Opposition to wind farm is short-sighted

March 31, 2011

As a long-of-tooth energy engineer and consultant, I believe Jay Hancock's offshore wind column is nearsighted ("Stop O'Malley's offshore wind folly now, not later," March 27). Yes, natural gas currently is abundant and cheap, particularly compared to oil-based fuels, but it won't stay so. Natural gas is too flexible and easy to use, which translates into fuel switching for major users and new uses for compressed natural gas (CNG) and liquefied natural gas (LNG) and so forth. And don't be surprised if, through the magic of chemical conversion, natural gas winds up as a gasoline constituent; the value differential will be the driver. Over time, then, natural gas may still be relatively plentiful, but cheap it won't be; it will equilibrate.

Mr. Hancock's alternative to wind power is to build natural gas-fired generation. At one time, I tracked a fleet of natural gas-fired engine plants. While they worked well for a while, after several years of constant use, the mechanical systems had problems, and the maintenance cost for spare parts, labor, downtimes, parts availability, etc. outweighed the benefits. Much larger scale combustion turbine systems are designed to lessen such problems, but I sense no swell of interest on the part of utilities, which, I believe, reflects their assessment that by the time such units can be put in place, the current low natural gas price will have disappeared.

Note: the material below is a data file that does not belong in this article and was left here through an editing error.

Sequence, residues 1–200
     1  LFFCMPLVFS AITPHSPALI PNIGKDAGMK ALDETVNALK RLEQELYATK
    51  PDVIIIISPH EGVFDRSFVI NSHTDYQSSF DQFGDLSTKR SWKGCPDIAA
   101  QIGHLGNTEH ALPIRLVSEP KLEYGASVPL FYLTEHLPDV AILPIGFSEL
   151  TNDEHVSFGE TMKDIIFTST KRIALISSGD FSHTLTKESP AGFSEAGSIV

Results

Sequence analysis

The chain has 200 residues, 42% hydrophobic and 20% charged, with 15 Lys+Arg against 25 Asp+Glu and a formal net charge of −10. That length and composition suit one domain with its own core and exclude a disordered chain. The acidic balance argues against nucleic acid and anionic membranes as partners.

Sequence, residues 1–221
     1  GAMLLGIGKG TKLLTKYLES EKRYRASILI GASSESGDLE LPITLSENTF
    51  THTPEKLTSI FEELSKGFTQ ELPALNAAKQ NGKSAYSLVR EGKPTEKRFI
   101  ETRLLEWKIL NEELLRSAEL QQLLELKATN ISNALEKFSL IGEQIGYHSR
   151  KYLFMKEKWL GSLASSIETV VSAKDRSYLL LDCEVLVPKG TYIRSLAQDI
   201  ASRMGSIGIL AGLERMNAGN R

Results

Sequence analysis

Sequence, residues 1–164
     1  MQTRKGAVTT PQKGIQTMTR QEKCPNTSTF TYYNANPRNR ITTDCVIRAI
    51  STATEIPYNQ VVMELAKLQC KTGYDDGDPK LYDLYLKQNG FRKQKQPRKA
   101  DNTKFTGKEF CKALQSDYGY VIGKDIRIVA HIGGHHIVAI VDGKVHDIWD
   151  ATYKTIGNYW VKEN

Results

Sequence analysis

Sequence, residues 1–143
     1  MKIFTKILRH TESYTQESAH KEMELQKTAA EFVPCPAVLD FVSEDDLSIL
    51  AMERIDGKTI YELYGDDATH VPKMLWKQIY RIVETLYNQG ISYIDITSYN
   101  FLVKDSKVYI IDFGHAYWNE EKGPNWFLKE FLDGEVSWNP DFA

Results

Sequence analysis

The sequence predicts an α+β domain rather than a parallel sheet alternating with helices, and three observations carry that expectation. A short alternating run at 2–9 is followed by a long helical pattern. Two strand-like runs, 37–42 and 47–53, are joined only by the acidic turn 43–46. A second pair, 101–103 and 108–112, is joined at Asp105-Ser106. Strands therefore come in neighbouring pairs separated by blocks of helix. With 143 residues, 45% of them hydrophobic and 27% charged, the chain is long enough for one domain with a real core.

With respect to offshore wind technology, rapid progress has been made and will continue to be made. The Cape Wind project was a political fiasco; don't draw any technical or financial inference from it. Germany has just announced it is phasing down its nuclear plants in favor of renewable options. Wind will be a prominent option, and the North Sea has many such installations.

Perhaps the biggest short-sightedness of the article is to avoid what I call "the slow tsunami of global warming." While natural gas use emits less carbon dioxide than coal use, such emissions are far higher than wind. Should our society wake up to the threat of global warming and cap or tax carbon dioxide, the economics of wind will flip in favor of wind.

And the wind will keep blowing … free.

Joseph A. Mulloney Jr., Cockeysville

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